Edited by NerfGeek416, 08 June 2017 - 12:31 PM.

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#45 scruffynerfherder

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Posted 08 June 2017 - 11:48 AM

My rc car nimh packs are 6 c sized cells and way to big for my stryfe.

8 aa nimh pack is as big as I would want to go, as anything bigger wouldn't fit stryfe battery tray with larger door.

Will my charger (that came with my 6 c sized cell 7.2volt nimh rc packs) work for an 8 aa cell 9.6volt nimh pack, or would I need a charger specifically for 9.6v 8 aa nimh pack?

I could really use some suggestions for the "best" 8 aa cell nimh pack. I don't want cheap knockoff pack with stickers or sleeves thatt make it look like a legit pack.

Also could really use some suggestions on ratings/specs other than voltage that would make a 9.6volt 8 aa pack perform well in a stryfe.
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#46 scruffynerfherder

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Posted 08 June 2017 - 01:18 PM

Seems like all the 8 aa "square" 2x2x2 nimh packs are listed as transmittor battery. Is that what I want to avoid? I'm not tooo on top of electrical theory which is why I need help picking mah and discharge ratings etc
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#47 shandsgator8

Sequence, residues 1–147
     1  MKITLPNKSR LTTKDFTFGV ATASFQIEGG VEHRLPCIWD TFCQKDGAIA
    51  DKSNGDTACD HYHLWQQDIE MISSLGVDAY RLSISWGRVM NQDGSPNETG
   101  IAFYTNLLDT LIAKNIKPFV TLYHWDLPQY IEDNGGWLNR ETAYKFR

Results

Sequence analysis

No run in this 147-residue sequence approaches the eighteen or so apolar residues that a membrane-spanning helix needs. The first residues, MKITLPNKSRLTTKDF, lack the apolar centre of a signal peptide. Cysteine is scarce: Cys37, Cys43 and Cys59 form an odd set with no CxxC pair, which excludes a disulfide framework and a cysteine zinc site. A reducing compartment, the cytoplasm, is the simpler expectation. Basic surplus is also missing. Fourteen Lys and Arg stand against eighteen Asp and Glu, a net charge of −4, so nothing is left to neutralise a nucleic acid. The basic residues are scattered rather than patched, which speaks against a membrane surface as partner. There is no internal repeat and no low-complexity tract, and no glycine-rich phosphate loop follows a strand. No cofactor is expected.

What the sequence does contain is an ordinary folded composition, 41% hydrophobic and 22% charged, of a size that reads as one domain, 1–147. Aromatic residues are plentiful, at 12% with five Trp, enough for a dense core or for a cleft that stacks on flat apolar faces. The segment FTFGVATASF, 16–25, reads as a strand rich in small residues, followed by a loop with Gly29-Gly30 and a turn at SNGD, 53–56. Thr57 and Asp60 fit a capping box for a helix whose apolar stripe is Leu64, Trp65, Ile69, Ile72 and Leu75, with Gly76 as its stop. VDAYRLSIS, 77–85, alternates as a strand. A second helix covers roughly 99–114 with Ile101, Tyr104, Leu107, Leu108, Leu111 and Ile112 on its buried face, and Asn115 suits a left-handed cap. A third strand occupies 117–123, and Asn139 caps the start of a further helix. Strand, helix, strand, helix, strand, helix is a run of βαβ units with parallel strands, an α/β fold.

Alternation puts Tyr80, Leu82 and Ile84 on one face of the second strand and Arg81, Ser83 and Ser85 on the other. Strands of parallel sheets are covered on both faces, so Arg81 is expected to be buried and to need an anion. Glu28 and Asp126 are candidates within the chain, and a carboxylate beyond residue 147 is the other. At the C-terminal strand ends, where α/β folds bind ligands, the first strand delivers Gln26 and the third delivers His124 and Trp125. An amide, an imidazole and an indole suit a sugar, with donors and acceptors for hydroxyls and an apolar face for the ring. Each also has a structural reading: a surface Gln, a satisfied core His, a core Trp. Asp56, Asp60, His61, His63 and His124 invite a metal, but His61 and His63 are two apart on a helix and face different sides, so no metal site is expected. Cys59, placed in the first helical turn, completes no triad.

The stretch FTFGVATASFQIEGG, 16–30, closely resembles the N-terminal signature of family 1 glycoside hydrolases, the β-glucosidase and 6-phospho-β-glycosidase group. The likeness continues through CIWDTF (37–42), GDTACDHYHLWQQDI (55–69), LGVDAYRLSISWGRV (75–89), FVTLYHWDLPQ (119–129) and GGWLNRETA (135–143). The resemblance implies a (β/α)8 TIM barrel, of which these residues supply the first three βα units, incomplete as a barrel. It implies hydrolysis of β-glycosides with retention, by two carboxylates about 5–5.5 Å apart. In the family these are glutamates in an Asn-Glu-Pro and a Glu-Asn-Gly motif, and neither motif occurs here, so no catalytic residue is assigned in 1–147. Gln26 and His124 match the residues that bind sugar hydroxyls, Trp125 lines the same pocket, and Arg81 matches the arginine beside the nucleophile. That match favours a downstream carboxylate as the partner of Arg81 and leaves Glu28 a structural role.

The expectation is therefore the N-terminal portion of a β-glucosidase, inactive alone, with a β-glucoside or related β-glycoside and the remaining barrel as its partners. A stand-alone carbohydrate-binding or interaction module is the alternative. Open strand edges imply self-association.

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Posted 08 June 2017 - 06:30 PM

Seems like all the 8 aa "square" 2x2x2 nimh packs are listed as transmittor battery. Is that what I want to avoid? I'm not tooo on top of electrical theory which is why I need help picking mah and discharge ratings etc

 

Yes it is, assuming they make it with thin gauge wire and a R/C radio connector attached to it. If you want a 2x2x2 pack to be as efficient as possible, you'll need to make it yourself or find a battery supplier to make one for you using the proper gauge wire and connector of your choice. I think cheapbatterypacks.com still offers this service. EDIT:  I see that they're no longer in business. http://www.hangtimes.com/txpacks.htmlseems to be a decent place from what I hear. Their "cassette" Eneloop packs would work for you, although you'd need to do some soldering on your own and you need to be very careful handling a pack that powerful with bare metal contacts everywhere; it's really easy to short out the pack if you're not careful (trust me from experience).